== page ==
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Title: Bulk tank technology: Acidification of commercially fermented cucumbers in bulk tanks to increase microbial stability

item Fleming, Henry
item THOMPSON, ROGER - 6645-10-00
item McFeeters, Roger

Submitted to: Pickle Pak Science
Publication Type: Peer Reviewed Journal
Publication Acceptance Date: 11/15/2002
Publication Date: 11/1/2002
Citation: Fleming, H.P., Humphries, E.G., Thompson, R.L., McFeeters, R.F. 2002. Bulk tank technology: Acidification of commercially fermented cucumbers in bulk tanks to increase microbial stability. Pickle Pak Science. VIII:38-43.

Interpretive Summary: Commercially brined cucumbers held in large tanks are subject to spoilage if the salt concentration and level of acidity are too low. We found that acidification can be used to increase the stability of brined cucumbers, without increasing the concentration of salt. We found the optimum pH (an indication of acidity that is determined instrumentally) for increasing microbial stability without adversely affecting product firmness to be pH 3.5. Hydrochloric acid, a relatively inexpensive acid, was used to adjust the pH of the brine from higher values to the recommended 3.5 value. This information will be useful to pickle processors who wish to minimize salt usage and related waste disposal problems.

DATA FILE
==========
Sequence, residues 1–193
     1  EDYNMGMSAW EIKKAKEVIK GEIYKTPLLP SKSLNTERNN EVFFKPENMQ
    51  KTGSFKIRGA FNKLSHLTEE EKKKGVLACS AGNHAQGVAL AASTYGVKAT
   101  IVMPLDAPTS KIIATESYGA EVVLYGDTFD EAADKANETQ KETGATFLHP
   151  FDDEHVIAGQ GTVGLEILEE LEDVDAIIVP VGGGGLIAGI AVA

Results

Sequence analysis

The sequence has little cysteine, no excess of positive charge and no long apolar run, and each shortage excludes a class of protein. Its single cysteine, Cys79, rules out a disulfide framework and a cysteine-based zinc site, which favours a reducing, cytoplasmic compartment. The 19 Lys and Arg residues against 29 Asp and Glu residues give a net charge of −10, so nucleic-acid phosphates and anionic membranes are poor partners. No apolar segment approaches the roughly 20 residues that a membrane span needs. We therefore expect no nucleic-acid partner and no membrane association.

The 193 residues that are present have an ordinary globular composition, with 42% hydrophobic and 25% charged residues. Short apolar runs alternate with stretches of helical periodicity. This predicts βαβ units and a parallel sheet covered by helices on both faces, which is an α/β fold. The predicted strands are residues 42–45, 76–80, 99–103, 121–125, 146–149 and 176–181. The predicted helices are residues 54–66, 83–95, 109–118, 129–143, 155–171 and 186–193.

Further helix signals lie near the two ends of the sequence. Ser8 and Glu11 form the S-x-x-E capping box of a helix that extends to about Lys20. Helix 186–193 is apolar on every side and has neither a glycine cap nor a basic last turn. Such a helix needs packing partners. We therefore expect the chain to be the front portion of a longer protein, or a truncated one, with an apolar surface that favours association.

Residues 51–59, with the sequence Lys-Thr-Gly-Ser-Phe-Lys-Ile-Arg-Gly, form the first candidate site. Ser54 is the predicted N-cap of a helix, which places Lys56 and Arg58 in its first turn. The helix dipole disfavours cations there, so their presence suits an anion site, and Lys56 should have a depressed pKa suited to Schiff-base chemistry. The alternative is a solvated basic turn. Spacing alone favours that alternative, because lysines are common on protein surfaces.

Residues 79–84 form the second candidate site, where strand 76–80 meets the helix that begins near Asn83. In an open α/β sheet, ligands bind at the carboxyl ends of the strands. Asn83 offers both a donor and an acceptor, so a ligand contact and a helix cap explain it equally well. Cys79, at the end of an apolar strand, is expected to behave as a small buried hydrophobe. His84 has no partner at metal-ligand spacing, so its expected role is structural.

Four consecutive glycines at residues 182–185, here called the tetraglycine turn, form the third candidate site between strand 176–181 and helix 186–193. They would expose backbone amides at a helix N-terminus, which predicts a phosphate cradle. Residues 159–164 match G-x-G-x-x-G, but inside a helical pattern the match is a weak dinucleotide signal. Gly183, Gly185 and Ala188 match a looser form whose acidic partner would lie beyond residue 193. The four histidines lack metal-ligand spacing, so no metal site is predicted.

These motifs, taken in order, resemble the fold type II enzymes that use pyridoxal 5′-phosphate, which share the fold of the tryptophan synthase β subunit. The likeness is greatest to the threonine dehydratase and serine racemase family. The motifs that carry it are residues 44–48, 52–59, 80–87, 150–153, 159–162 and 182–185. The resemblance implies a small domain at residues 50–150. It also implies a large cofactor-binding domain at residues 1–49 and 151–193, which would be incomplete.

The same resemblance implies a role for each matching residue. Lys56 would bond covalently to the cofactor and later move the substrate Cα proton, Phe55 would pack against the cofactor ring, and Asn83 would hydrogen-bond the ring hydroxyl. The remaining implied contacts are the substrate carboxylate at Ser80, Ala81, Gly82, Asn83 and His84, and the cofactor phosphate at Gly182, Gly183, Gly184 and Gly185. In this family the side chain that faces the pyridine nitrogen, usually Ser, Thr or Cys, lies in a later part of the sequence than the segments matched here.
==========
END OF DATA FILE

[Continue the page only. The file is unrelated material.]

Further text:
Technical Abstract: Ten commercial fiberglass tanks (8,000 gal) of size no. 1 fermented cucumbers were acidified with 5.46N HCl to lower the brine pH to 3.5 from the pH that resulted at the end of fermentation (3.65-3.70). The volume of hydrochloric acid required to do this varied from 8.9-14.8 gal per tank. The rate of attainment of pH equilibrium after acid addition varied by tank location, but was complete within about 4 hr. Samples of brine-stock and cover brine from each of the 10 tanks were adjusted to pH 3.5, 4.0, and unadjusted and were stored in glass jars under laboratory conditions. Over a 14-month storage period at room temperature, the brines adjusted to pH 3.5 were more stable in chemical composition than the unadjusted, and much more so than the pH 4.0-adjusted samples, based on chemical changes. Chemical changes that indicated microbial instability were characterized by a rise in pH and CO2 and acetic acid concentrations, and a reduction in lactic acid concentration. The data indicated that lowering the pH of the brine to 3.5 after fermentation from higher levels can help to increase microbial stability of brined cucumbers at relatively low salt concentrations without serious adverse effects on cucumber firmness.